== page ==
Designed to keep raccoons from rummaging through the city’s garbage and leaving a mess in their wake, “raccoon-resistant” green bins were designed to be foolproof. However, with city-wide reports of these furry robbers breaking into (what should have been impenetrable) bins, citizens can’t help but wonder: Does Toronto have smarter raccoons?
Before the last new-and-improved green bins rolled into neighbourhoods, a number of citizens began fretting about raccoon health. Concerned Torontonians asked whether these “weapons” in Toronto’s war against raccoons will starve the masked bandits, eliminating a primary food source and causing their numbers to dwindle.
Fortunately (or unfortunately, depending on your opinion), raccoons in The Big Smoke are not in danger of starvation. York University professor and raccoon expert/enthusiast Suzanne MacDonald states that early results from her multi-year study on raccoons reveal they are “as fat as ever.” These night prowlers are highly intelligent creatures. They cunningly find food sources in the city by:
- Stealing from other animals (pet food and bird feeders)
- Eating other animals (insects and smaller creatures).
However, are they smart enough to circumvent the state-of-the-art receptacles specially designed to keep wandering “trash panda” paws at bay?
Toronto Raccoon History
With over 100,000 raccoons now residing in the area, Toronto earned the moniker “Raccoon Capital of the World.” The city has, for years, been locked in a seemingly never-ending battle of man versus beast, with residents and the local government pitted against this furry criminal invasion.
What is anecdotally known as Toronto’s “Great Raccoon War” began innocently enough. A well-meaning attempt to reduce the organic waste being dumped in landfills, Toronto’s green bin program began in 2002. The objective was to separate organic waste from other garbage and collect it for compost — no one was prepared for the consequences.
Raccoons, drawn to the scent of organic food waste, saw it as an invitation to dine. With ample food supply at their disposal, these wildlife flocked into the back alleys behind restaurants and the backyards of unsuspecting homeowners. They wreak havoc on dumpsters and bins, leaving behind a mess and a risk for disease exposure.
In 2016, the Toronto Government began distributing a new green bin with an intricate locking mechanism. The idea behind it? — to be impenetrable to raccoons. After a few months of diminished raccoon activity around the advanced bins, raccoon enthusiasts began to wonder if the drastically-reduced food source would reduce the raccoon population.
Soon, however, reports and video evidence of raccoons successfully opening these green bins started to be shared online. The “war” is far from over. The enemy regained the upper hand (or paw).
Faulty Lids or Smarter Raccoons?
When they began receiving complaints, city officials investigated the raccoon green bin problem. Ransacked bins (or lids) were replaced with fresh ones from the factory. When asked about these break-ins, authorities chalked it up to factory defect.
Reporter Amy Dempsey launched an inquiry to discover how these marauding creatures were getting into the bins and if Toronto was up against a new breed of genius raccoons.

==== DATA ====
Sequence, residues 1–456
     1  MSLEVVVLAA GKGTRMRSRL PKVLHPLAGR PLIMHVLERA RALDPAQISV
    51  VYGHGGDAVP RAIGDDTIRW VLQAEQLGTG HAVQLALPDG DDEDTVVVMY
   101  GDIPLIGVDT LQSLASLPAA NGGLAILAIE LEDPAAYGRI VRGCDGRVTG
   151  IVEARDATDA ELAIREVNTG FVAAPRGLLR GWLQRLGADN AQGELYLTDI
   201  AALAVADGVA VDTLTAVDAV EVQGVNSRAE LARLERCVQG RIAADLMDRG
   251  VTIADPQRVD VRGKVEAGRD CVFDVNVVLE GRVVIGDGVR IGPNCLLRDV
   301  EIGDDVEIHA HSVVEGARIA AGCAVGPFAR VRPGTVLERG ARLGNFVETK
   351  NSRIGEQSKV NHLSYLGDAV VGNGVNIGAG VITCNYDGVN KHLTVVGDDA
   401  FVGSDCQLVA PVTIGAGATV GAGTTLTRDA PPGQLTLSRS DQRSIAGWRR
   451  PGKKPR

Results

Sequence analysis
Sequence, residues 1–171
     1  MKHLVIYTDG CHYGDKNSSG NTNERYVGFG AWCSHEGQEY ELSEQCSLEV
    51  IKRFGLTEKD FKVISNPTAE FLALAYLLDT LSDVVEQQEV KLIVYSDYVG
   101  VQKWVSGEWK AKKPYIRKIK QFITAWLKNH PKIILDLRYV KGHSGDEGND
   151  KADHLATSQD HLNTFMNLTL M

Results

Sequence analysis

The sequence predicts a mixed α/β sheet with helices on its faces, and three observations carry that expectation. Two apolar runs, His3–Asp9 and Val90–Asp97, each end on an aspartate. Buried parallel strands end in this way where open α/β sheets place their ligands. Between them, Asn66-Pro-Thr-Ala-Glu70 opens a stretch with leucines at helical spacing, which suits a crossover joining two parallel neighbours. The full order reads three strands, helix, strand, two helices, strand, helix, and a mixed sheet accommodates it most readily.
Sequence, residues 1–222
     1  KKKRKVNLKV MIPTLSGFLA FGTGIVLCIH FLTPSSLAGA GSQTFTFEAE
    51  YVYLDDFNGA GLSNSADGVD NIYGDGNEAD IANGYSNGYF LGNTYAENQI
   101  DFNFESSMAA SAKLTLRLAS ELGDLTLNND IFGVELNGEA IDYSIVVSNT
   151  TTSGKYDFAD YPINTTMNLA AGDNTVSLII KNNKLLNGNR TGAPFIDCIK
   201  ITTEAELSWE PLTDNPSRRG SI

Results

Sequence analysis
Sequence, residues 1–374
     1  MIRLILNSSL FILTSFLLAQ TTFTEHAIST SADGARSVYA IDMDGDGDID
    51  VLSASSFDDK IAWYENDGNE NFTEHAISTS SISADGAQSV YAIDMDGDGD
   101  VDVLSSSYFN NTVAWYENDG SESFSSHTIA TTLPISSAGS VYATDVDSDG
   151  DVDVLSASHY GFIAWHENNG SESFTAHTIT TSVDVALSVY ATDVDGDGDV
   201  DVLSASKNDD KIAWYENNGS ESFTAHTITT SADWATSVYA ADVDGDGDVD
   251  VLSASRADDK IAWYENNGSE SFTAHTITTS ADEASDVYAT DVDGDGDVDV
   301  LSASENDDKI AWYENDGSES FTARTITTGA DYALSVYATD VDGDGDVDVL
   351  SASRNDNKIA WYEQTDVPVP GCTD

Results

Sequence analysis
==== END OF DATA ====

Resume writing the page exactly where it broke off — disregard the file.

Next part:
She caught on camera a mother raccoon tipping and opening Dempsey’s newly-replaced green bin without much trouble. She suggests that this particular raccoon (and perhaps others) somehow perceived that knocking the bin over (perhaps repeatedly) loosens the locking mechanism, providing easy access to its contents.
When Dempsey reported her findings to MacDonald, the York University professor revealed (with a laugh and a cheer) that some raccoons are in fact smarter than others. She infers that the continued raids on organic waste bins are isolated to neighbourhoods with one (or two) raccoons smart enough to find out how to loosen the locking mechanism. However, raccoons are unable to “teach” furry friends these techniques; it’s unlikely they’ll spread the word to their community.
So long as there’s plentiful human food to be consumed, raccoons will remain within city limits and stay as adorable, aggravating, and/or threatening as ever.
Dangers of Raccoons
Toronto is known for a love-hate relationship with raccoons. While many believe that euthanizing them is the answer to curbing the nuisance, others are decidedly on “Team Raccoon.” Supporters, however, need to keep in mind that no matter how charming these night prowlers may seem, raccoons are not pets and shouldn’t be treated as such.
They can transmit several known diseases (including leptospirosis and rabies). Raccoon droppings might carry roundworms that can cause blindness or coma in humans.
No matter how the city has tried to prohibit these perceptive and inventive critters from trespassing on urban properties, raccoons have multiplied, made their homes in Toronto, and are likely here to stay.
If you find that your green bin has fallen prey to these nighttime marauders, there is little you can do, other than adding bungee cords or cinder blocks as a raccoon deterrent. If you have a raccoon colony taking up residence under your porch, deck, or trying to invade your home, call Liddle Rascals. We offer raccoon and wildlife removal throughout Toronto and neighbouring areas. Using humane methods, we’ll relocate nuisance wildlife far from your home or business property, and secure the building structure to prevent future invasions. For raccoon removal in the Greater Toronto Area, call us at (416) 356-5886.